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Rabbi Shagar: What People Are Saying About His Work, Newly Introduced to English Readers

A translator calls him “a peddler of paradoxes” and “an alchemist who casually synthesized sacred and profane.” The work of Rabbi Shimon Gershon Rosenberg (Shagar) (1949–2007), widely known in Israel, is new to an English-reading audience. The English translation of his book of essays, Rabbi Shagar: Faith Shattered and Restored, Judaism in a Postmodern Age (Maggid Modern Classics, 2017), was supported by Targum Shlishi, and includes a preface by Aryeh Rubin, the foundation’s director. Go here to read a press release about Targum Shlishi’s support and Aryeh Rubin’s preface.

The book is the first to gather and translate a thematic collection of Shagar’s philosophical works into English, with the essays selected to resonate with Jews in the Diaspora. Since its publication in 2017, the book, and Shagar, have gained a fair amount of media attention. The following is a selected list of articles and excerpts about Shagar and particularly about these collected essays.

Book Discount: The publisher has generously offered our readers a 25 percent discount on the book. Simply go to this link and enter the promotion code: MAGGID25.

“The Earth-Shattering Faith of Rav Shagar,” Lehrhaus, by Zach Truboff, July 3, 2017

“Torn between the truths of Torah and contemporary culture, many in Modern Orthodoxy feel the tension can only be resolved by choosing one or the other. In Rav Shagar they will find a teacher who understands this dilemma on a deeply personal and existential level, yet remains committed to authentically living in both worlds. His teachings represent a powerful model of engaging the broader intellectual currents within which one lives while maintaining an unyielding commitment to Torah.”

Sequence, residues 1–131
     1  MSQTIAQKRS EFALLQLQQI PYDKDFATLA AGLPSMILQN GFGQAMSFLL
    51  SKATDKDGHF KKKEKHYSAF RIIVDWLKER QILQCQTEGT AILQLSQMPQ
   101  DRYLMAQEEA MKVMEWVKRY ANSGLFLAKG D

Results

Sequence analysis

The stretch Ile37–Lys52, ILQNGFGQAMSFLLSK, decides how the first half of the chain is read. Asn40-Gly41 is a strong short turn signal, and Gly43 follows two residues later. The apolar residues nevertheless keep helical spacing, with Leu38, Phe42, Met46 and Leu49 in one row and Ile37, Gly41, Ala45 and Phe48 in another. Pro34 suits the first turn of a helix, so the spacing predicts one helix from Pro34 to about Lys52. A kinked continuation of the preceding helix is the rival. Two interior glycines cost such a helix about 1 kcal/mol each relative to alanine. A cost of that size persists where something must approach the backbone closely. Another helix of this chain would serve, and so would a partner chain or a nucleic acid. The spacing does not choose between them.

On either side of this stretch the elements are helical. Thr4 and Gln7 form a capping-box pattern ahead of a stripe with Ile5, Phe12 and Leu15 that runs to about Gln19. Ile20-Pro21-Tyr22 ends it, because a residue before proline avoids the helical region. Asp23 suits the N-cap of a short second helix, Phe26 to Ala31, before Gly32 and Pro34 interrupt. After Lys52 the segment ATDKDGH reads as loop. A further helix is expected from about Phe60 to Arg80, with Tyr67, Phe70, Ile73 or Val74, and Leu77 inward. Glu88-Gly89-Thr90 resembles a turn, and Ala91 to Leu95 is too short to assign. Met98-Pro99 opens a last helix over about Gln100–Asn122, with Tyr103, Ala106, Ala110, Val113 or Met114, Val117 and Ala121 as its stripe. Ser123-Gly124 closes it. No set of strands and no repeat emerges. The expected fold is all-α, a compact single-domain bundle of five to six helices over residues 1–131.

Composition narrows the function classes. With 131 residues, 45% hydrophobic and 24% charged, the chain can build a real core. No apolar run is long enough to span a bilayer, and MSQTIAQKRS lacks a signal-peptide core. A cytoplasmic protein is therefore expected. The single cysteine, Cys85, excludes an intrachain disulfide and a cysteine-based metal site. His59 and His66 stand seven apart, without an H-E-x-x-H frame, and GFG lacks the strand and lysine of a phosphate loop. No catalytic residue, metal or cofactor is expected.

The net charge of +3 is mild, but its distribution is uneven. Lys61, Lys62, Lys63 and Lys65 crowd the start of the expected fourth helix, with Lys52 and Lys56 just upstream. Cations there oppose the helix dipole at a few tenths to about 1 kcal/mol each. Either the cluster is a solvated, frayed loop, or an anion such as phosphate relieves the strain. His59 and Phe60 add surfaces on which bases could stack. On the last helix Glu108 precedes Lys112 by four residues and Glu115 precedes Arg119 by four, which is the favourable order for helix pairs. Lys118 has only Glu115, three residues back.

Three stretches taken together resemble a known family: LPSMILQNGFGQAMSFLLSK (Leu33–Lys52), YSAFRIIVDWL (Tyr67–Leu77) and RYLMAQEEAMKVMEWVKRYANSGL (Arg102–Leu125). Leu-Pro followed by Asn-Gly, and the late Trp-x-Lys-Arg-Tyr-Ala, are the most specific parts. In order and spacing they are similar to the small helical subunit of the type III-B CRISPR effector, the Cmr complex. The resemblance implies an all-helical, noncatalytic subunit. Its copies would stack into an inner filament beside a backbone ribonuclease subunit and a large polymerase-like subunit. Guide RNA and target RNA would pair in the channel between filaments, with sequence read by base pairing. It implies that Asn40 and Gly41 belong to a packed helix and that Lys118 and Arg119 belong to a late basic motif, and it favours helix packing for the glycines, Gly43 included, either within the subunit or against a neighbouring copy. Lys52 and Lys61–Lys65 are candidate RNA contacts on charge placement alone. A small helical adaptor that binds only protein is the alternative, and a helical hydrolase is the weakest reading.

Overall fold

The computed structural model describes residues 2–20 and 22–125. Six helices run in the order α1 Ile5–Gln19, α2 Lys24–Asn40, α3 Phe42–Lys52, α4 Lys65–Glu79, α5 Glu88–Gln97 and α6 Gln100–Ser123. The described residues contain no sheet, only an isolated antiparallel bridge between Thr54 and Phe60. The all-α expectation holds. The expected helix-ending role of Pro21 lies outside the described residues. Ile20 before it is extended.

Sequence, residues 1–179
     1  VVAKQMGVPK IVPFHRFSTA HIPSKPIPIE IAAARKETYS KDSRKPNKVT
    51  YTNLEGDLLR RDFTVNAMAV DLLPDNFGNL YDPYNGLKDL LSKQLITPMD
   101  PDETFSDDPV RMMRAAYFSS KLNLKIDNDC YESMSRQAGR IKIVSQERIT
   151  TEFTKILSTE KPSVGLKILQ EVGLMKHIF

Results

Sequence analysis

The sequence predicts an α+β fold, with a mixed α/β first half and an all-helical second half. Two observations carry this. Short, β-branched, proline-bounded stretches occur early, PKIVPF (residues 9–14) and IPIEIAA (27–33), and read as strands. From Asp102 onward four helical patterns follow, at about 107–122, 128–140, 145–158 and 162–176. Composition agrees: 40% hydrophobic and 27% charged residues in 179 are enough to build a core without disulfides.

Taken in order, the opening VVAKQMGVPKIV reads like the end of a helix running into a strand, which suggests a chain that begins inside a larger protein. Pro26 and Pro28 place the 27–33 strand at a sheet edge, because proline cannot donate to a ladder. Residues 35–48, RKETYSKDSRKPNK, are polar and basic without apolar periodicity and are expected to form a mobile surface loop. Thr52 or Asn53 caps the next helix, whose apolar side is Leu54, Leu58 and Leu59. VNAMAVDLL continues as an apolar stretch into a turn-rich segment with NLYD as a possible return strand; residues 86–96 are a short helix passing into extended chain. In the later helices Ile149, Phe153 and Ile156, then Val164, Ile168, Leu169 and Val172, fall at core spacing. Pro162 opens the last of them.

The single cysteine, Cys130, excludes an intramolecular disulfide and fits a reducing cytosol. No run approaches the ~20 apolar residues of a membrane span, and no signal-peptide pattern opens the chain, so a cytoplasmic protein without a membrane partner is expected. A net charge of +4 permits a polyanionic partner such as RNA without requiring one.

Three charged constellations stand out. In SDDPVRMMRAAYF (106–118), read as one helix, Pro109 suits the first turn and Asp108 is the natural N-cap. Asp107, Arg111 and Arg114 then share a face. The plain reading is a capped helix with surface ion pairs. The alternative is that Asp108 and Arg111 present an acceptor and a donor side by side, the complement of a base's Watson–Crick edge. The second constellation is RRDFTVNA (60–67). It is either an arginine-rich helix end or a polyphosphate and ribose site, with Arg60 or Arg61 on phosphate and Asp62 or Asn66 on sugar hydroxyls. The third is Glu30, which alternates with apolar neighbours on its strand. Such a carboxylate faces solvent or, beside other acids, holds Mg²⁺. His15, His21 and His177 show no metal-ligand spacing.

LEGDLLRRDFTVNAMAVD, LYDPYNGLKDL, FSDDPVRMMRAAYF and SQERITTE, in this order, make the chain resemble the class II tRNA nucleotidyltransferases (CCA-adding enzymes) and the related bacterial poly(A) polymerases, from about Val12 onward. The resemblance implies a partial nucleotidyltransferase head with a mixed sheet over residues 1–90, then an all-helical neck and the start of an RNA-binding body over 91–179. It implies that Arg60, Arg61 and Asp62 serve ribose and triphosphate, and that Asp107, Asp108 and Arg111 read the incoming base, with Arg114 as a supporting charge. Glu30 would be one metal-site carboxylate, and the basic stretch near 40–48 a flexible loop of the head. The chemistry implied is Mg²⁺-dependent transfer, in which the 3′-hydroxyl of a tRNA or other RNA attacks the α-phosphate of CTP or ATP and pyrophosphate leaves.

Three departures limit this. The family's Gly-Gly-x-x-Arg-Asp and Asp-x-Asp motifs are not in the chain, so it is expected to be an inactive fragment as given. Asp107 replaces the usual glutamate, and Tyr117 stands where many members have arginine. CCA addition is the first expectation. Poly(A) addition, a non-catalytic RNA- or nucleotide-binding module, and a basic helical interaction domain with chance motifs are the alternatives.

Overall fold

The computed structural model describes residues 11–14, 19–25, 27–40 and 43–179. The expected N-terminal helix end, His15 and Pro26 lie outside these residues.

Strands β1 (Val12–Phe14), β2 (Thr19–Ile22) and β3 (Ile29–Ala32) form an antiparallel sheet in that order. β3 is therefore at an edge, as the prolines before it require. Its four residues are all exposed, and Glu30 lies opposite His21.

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“Faith Shattered and Restored: Judaism in the Postmodern Age by Rabbi Shagar a Book Review,” The Times of Israel, by Naftali Brawer, June 13, 2017

“For Rav Shagar the question is not which truth to accept, but rather what is truth altogether? Can one be certain of anything? In its hard manifestation, postmodernism leads to nihilism, and this is what Rav Shagar sees as a real challenge to a person of faith. Instead of denying postmodern angst, he leverages it to offer a deeper, more sophisticated faith. One that does not seek certainties but chooses to surrender to the unknowable.”
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“Israel’s Paradoxical Man of Faith, Deconstructed,” The Times of Israel, by Elie Leshem, July 10, 2017

This article is an edited transcript of a conversation about Rabbi Shagar between Elie Leshem, the translator of Faith Shattered and Restored, and Dr. Zohar Maor, its editor. In his introduction to the conversation, Leshem writes of Shagar: “Not only did he subject the Talmud to literary analysis, diverging from study methods honed over centuries, but with a brazen concoction of Kabbalah and psychoanalysis, Hasidism and postmodern theory, he set about forging a new Orthodox personality, one that could remain firmly rooted in tradition, even when buffeted by the gales of secularism and modernity.”
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Review of Faith Shattered and Restored by Rabbi Francis Nataf, June 15, 2017